Whether your interests lie in the world of the postcolonial or you have a fascination with women's writing, this challenging course will allow you to study recent volumes of poetry, research cultures and explore novels and films relating to current debates. You will use key theoretical models and concepts to gain a greater understanding of how we study literature and the motivations and historical events that have driven the authors you choose to read.

Taught by a team with an international reputation for their research in diverse areas, ranging from Caribbean culture, history and literature to cultural representations of the 2007-08 credit crunch across literature, stage and screen, this course will expose you to new ideas and encourage you to question them.

Check out our twitter feed @BeckettEnglish for up-to-date information on staff and student events, short courses and fun happenings around the school.

- Research Excellence Framework 2014: 38% of our research was judged to be world leading or internationally excellent in the Communication, Culture and Media Studies, Library and Information Management unit.

Visit the website http://courses.leedsbeckett.ac.uk/englishcontemp_ma

Mature Applicants

Our University welcomes applications from mature applicants who demonstrate academic potential. We usually require some evidence of recent academic study, for example completion of an access course, however recent relevant work experience may also be considered. Please note that for some of our professional courses all applicants will need to meet the specified entry criteria and in these cases work experience cannot be considered in lieu.

If you wish to apply through this route you should refer to our University Recognition of Prior Learning policy that is available on our website (http://www.leedsbeckett.ac.uk/studenthub/recognition-of-prior-learning.htm).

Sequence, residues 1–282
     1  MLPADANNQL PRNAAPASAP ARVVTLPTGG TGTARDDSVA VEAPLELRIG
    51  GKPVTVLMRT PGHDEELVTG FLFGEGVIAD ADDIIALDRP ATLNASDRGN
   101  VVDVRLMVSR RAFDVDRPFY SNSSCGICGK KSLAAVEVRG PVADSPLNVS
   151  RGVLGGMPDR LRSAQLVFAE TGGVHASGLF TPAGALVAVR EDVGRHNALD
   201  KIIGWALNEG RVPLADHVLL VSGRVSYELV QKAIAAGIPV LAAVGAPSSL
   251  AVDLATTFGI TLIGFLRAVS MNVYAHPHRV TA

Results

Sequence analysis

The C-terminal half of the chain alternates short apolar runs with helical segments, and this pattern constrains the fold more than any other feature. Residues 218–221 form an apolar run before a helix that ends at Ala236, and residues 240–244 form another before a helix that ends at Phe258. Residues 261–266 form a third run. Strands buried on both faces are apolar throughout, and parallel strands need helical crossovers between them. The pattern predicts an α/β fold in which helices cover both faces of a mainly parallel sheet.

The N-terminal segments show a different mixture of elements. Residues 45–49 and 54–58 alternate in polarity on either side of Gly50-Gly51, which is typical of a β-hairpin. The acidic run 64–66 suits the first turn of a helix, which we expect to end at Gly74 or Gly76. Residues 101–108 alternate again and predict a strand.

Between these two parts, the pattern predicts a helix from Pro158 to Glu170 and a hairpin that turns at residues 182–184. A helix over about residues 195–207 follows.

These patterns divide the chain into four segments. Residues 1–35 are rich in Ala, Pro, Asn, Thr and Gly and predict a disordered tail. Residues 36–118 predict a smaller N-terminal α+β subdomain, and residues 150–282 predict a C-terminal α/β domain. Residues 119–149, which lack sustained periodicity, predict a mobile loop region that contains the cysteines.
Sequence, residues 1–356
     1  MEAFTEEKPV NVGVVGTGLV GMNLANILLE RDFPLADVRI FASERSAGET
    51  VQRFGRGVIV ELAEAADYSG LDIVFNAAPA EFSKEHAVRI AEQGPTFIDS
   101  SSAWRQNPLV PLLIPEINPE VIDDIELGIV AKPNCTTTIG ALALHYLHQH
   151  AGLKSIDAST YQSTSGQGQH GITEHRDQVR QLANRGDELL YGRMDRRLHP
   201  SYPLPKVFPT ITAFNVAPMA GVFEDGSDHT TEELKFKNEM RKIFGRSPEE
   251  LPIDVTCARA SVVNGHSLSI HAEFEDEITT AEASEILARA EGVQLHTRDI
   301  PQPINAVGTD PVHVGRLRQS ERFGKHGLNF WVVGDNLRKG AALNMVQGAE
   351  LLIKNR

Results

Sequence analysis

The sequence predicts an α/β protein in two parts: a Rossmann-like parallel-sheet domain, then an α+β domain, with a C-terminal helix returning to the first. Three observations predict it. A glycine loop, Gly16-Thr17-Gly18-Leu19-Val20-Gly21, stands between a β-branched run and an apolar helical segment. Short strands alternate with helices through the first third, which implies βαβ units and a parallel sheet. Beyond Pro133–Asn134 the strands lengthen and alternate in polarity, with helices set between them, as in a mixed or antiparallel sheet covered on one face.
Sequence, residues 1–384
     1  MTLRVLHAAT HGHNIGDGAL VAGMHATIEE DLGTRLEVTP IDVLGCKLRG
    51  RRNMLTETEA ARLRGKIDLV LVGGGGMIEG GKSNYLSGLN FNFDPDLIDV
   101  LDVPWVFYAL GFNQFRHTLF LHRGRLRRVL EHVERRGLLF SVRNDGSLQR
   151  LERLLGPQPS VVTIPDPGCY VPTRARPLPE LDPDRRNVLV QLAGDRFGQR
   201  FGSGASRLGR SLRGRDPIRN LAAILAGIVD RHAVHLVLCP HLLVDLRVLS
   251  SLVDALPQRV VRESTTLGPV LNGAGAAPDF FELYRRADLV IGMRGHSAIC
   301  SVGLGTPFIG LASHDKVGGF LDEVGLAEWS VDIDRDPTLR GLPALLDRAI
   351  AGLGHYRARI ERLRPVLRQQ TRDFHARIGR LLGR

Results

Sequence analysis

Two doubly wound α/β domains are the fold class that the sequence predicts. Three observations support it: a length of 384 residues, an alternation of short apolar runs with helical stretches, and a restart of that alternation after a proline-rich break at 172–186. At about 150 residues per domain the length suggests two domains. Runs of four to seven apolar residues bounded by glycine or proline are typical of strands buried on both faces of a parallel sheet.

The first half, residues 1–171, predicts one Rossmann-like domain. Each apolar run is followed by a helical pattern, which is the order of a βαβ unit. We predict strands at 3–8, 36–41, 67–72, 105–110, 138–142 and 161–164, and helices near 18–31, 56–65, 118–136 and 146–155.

Please note that all applicants to our University are required to meet our standard English language requirement of GCSE grade C or equivalent, variations to this will be listed on the individual course entry requirements.

Course Benefits

You'll learn how to use a range of cutting-edge theoretical approaches to texts, while you will be able to draw upon the course team's research and teaching strengths in contemporary women's writing, postcolonialism and popular fiction.

You will acquire a well-informed, critical understanding of current developments, questions and critical issues in the field of contemporary literatures and develop the transferable skills needed to undertake independent research into contemporary literatures and associated criticism and theory.

Core Modules

Researching Cultures
Is an interdisciplinary research methods module, taught with students on other Masters programmes. It prepares students for their dissertation, and equips them with research skills and strategies necessary if they intend to progress to PhD.

Doris Lessing: Narrating Nation & Identity
Explore a selection of the extensive body of work produced during the twentieth and twenty-first centuries by the Nobel Prize-winning writer, Doris Lessing.

Contemporary Genre: (Re)Presenting the 21st Century
Examine contemporary genres with an emphasis on their innovations and socio-cultural developments.

Haunting the Contemporary: the Ghost Story in 20th & 21st Century Fiction
Discover the contemporary field of haunted narratives and consider them in relation to a variety of theoretical approaches, primarily the work of Jacques Derrida.

Post-Structuralist Theory: Foucault & Derrida
Develop a deeper awareness and more sophisticated understanding of two theorists who have been of fundamental importance to debates in literary studies in the twentieth century: Michel Foucault and Jacques Derrida.

Neoliberal Fictions
You will focus on the 1990s and 2000s - including the US-led globalisation project, the spread of global markets, the dotcom crash, 9/11 attacks on America and the bursting of the housing bubble.

Dissertation
Presents the opportunity for students to synthesize the knowledge and skills acquired throughout the course and to write a substantial piece of supervised research, in the guise of a 15,000-word masters dissertation.

With the exception of Researching Cultures and Dissertation, the modules offered each year will be rotated. Other modules include:

Poetry & Poetics
Analyse volumes of recently published poetry (2009-12) and consider them alongside a range of influential contemporary statements on the genre including pieces by Martin Heidegger and Jacques Derrida.

Contemporary Gothic
Examine the relevance of the Gothic today by studying contemporary Gothic texts. You will engage not only with novels but with Gothic-influenced US TV drama, South-East Asian vampire films, and Latin American horror.